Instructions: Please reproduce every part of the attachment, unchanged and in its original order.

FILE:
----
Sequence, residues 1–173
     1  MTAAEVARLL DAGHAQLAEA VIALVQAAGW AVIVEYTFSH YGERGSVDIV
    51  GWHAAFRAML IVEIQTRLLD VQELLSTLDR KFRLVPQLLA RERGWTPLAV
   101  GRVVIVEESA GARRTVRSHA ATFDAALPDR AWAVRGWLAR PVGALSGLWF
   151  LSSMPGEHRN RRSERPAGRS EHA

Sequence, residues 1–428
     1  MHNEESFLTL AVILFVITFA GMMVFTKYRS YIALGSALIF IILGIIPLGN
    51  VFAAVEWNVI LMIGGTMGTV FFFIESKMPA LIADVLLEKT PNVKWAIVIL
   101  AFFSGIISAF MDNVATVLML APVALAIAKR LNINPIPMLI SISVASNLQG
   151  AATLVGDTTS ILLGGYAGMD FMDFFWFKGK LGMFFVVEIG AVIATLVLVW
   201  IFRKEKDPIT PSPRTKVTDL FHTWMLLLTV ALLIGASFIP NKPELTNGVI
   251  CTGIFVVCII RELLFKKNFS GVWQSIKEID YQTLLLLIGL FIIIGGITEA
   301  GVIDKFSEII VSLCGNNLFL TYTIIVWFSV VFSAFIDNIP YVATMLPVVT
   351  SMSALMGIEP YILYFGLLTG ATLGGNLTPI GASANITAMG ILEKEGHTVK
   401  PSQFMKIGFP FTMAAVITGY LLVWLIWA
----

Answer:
Sequence, residues 1–173
     1  MTAAEVARLL DAGHAQLAEA VIALVQAAGW AVIVEYTFSH YGERGSVDIV
    51  GWHAAFRAML IVEIQTRLLD VQELLSTLDR KFRLVPQLLA RERGWTPLAV
   101  GRVVIVEESA GARRTVRSHA ATFDAALPDR AWAVRGWLAR PVGALSGLWF
   151  LSSMPGEHRN RRSERPAGRS EHA

Sequence, residues 1–428
     1  MHNEESFLTL AVILFVITFA GMMVFTKYRS YIALGSALIF IILGIIPLGN
    51  VFAAVEWNVI LMIGGTMGTV FFFIESKMPA LIADVLLEKT PNVKWAIVIL
   101  AFFSGIISAF MDNVATVLML APVALAIAKR LNINPIPMLI SISVASNLQG
   151  AATLVGDTTS ILLGGYAGMD FMDFFWFKGK LGMFFVVEIG AVIATLVLVW
   201  IFRKEKDPIT PSPRTKVTDL FHTWMLLLTV ALLIGASFIP NKPELTNGVI
   251  CTGIFVVCII RELLFKKNFS GVWQSIKEID YQTLLLLIGL FIIIGGITEA
   301  GVIDKFSEII VSLCGNNLFL TYTIIVWFSV VFSAFIDNIP YVATMLPVVT
   351  SMSALMGIEP YILYFGLLTG ATLGGNLTPI GASANITAMG ILEKEGHTVK
   401  PSQFMKIGFP FTMAAVITGY LLVWLIWA